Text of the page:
What Is The Process Of Air Conditioning System?

Although air conditioners come in a range of sizes and designs, they all work on the same fundamental principle. Air conditions have become essential in the current rising temperature. Have you ever wondered how your air conditioning system keeps your house or place of business cool during the sweltering summer months?

You might be surprised to learn that your refrigerator and air conditioner function mostly in the same way. The main distinction is that whereas an air conditioner maintains a suitable temperature in your house, workplace, or business area, a refrigerator only cools a small, insulated room.

Many individuals are under the impression that their air conditioner produces frigid air. Not at all. Instead, they function by transporting the heat from within your house to the outside. So, just how does this procedure operate? Discover it in this article.

What Is The Process Of Air Conditioning?

When examining the workings of air conditioning systems, mass and energy conservation are applied. For living spaces like homes, businesses, and industrial facilities to be kept at the right temperature and humidity, an analysis of air conditioning operations is necessary.

These are the fundamental procedures:

  • Basic Methods Of Heating And Cooling;
  • Air Conditioning And Dehumidification
  • Humidification When Heating;
  • Adiabatically Combining Two Air Streams;
  • Condensation Cooling

What Normally Occurs When The Air Conditioner Is Turned On?

The thermostat built into the air conditioner will notice a difference between the temperature of the room air and the temperature you have selected when you switch it on and set the desired temperature, say 20 degrees Celsius. This heated air is drawn in through a grill at the base of the interior unit, and it then passes through several pipes that carry a coolant called a refrigerant.

The refrigerant fluid takes in the heat and turns into a hot gas as a result. As a result, the air that touches the evaporator coils loses heat. In addition to absorbing heat, the evaporator coil also removes moisture from the entering air, which aids in dehumidifying. The compressor, which is housed on the outer unit, receives this heated refrigerant gas after that.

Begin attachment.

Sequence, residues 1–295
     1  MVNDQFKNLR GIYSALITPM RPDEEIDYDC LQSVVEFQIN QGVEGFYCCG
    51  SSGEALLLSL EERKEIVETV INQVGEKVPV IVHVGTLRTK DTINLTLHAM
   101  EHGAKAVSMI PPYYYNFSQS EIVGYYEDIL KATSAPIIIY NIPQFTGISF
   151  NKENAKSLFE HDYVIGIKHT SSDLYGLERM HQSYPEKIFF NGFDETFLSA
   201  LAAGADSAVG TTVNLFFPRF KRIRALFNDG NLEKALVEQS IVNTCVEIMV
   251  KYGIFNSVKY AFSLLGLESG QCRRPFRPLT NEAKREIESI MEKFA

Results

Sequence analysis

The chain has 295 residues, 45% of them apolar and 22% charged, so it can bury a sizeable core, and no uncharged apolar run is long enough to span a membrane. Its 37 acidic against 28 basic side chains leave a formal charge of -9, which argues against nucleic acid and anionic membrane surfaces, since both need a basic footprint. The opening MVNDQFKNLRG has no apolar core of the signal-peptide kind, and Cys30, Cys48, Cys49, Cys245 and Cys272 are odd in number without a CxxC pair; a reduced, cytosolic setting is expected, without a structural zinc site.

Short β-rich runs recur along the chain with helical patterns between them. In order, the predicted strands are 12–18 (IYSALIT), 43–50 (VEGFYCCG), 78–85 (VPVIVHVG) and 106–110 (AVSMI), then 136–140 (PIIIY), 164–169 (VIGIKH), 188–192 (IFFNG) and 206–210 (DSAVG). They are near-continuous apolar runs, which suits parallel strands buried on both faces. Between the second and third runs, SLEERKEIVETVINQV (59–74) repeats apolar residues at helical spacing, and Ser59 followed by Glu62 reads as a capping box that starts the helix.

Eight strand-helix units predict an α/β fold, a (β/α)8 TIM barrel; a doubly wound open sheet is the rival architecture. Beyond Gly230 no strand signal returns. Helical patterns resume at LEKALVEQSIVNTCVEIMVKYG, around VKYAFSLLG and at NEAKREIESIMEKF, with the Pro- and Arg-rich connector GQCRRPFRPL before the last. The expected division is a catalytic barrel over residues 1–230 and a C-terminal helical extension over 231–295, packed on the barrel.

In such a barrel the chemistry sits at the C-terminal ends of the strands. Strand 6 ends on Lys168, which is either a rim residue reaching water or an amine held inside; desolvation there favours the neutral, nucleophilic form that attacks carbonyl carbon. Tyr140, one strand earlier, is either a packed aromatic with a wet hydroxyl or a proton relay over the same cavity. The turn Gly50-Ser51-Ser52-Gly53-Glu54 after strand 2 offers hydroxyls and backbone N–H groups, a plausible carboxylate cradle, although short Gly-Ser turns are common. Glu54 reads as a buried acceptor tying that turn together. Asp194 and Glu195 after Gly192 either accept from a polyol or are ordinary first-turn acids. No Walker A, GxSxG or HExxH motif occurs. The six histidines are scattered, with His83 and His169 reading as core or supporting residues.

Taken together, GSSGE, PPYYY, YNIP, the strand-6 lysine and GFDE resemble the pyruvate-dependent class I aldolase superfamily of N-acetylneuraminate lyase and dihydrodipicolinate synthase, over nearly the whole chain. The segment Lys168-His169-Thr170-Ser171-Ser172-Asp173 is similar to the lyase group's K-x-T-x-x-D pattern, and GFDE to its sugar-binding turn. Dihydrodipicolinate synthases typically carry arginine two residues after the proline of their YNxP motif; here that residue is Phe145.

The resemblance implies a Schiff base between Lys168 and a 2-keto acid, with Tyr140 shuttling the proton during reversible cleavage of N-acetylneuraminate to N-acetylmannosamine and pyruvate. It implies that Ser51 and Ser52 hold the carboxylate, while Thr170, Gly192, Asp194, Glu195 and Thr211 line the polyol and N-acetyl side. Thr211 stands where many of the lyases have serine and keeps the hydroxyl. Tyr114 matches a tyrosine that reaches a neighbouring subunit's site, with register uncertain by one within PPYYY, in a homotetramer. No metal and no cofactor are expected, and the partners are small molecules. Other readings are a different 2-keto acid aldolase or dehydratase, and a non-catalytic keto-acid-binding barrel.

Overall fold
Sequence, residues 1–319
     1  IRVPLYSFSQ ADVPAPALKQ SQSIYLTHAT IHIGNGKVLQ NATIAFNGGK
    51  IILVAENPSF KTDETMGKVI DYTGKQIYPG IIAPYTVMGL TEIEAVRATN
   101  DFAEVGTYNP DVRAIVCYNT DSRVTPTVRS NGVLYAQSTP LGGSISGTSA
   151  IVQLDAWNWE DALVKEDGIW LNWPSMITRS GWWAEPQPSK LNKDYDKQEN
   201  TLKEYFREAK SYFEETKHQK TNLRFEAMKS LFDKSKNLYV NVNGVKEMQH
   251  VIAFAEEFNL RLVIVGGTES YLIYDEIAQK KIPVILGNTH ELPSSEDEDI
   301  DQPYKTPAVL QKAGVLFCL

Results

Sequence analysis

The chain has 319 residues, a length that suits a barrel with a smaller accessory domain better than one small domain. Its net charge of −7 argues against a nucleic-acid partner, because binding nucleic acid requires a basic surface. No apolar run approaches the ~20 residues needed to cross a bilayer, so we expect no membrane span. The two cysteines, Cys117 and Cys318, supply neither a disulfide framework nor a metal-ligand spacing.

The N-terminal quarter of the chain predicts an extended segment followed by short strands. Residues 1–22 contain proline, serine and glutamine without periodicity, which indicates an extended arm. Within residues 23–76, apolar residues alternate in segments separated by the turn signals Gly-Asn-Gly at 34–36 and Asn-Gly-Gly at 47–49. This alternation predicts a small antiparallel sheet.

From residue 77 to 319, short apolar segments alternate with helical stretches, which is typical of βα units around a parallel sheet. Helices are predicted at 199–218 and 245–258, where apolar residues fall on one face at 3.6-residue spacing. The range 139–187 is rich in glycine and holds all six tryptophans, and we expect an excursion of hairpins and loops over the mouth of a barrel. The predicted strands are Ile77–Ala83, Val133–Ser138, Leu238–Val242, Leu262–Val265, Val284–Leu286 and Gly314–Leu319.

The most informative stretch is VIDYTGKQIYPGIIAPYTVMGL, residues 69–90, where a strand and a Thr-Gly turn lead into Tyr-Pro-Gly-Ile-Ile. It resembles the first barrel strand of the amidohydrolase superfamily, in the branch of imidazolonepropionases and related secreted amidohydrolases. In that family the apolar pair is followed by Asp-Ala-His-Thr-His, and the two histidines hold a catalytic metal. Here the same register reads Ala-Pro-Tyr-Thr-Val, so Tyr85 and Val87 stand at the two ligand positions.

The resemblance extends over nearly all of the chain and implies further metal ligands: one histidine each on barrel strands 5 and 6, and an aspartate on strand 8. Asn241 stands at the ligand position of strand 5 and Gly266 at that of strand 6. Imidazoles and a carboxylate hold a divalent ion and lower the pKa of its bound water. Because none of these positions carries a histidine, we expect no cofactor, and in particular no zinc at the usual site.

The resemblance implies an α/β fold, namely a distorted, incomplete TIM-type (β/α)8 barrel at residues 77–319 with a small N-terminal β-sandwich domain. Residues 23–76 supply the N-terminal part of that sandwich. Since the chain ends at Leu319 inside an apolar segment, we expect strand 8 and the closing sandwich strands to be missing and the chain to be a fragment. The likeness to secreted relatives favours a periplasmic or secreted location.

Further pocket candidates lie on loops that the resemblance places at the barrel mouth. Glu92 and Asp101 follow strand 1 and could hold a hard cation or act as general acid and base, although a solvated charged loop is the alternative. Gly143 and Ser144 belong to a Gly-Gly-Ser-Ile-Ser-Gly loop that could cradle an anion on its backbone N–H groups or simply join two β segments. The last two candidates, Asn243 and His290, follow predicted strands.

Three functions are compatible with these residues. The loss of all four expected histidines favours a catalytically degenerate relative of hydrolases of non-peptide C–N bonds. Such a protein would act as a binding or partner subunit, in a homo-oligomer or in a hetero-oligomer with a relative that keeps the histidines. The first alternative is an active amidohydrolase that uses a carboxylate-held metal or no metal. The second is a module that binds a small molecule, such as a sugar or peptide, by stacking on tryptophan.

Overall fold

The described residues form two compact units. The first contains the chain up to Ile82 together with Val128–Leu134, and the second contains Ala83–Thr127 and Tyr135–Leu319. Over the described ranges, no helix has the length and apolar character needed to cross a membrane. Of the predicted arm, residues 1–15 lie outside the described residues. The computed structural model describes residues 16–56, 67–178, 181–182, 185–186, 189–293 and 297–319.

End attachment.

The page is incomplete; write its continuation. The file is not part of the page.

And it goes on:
As implied by its name, the compressor heats the gas by compressing it, which raises its temperature. The condenser, the third component, is eventually reached by this hot, high-pressure gas.

In this instance as well, the condenser fulfills its name by condensing the heated gas into a liquid. The refrigerant enters the condenser as hot gas, but it soon condenses to a cooler liquid as a result of metal fins dissipating heat into the surrounding air.

Once a result, as the refrigerant exits the condenser, it loses heat and cools down. This passes via an expansion valve, a tiny hole in the copper tube of the system, which regulates the flow of the cold liquid refrigerant into the evaporator, bringing it back to where it started its journey. Even though all of the parts of a window air conditioner’s air conditioning system are contained in the same metal box, the fundamental cooling process is the same.

Up until the necessary temperature is attained, the entire procedure is repeated. In essence, an air conditioner continually draws in warm air, cools it, and then pushes it out into the space until no more warm air is there for it to cool.

Detail Processing Of An Air Conditioner:

Now that you know the basics of air conditioner operation, let’s delve a bit further and go through the full procedure. The thermostat monitors and regulates the temperature of the interior air and is normally installed on a wall in the middle of the house.

The thermostat sends signals to the air conditioning system components inside and outside the home to begin operating when it determines that the air temperature needs to be decreased. Through return air ducts, the fan from the indoor unit draws hot air from the inside of the building.

Dust, lint, and other airborne particles are gathered in filters when this air flows past them. The heated, filtered interior air is then forced over the chilly evaporator coil. The heat from the interior air is absorbed by the refrigerant as it transforms from liquid to gas, cooling the air as it passes over the evaporator coil.

The cooled air is then circulated back through the ductwork of the house and into the different living spaces by the blower fan of the indoor unit. Through a copper tube that exits the house, the refrigerant gas is transferred to the compressor of the outside air conditioning unit.

The compressor can be compared to a big electric pump. The compressor pressurizes the refrigerant gas before delivering it to the condenser coil of the outside unit. The condenser coil allows exterior air to collect thermal energy from the house and release it outdoors. A sizable fan drives the air through the coil.

The refrigerant undergoes this transformation back to a liquid. After that, it returns to the interior unit through a copper tube and goes through an expansion device to control the flow of refrigerant into the evaporator coil. The cycle then repeats as the cold refrigerant continues to absorb heat from the interior air.


The basic idea behind all air conditioning systems is the same: hot air is ejected, often into the outside atmosphere, while heat is removed from one area and replaced with cold, dry air.

The air goes through the evaporator, which holds the sub-cooled refrigerant, to release the chilled, dry air into the room. The condenser, which contains the high-temperature gas, is where the air again flows through the veins, gathering the heat as it does so before being discharged outdoors.

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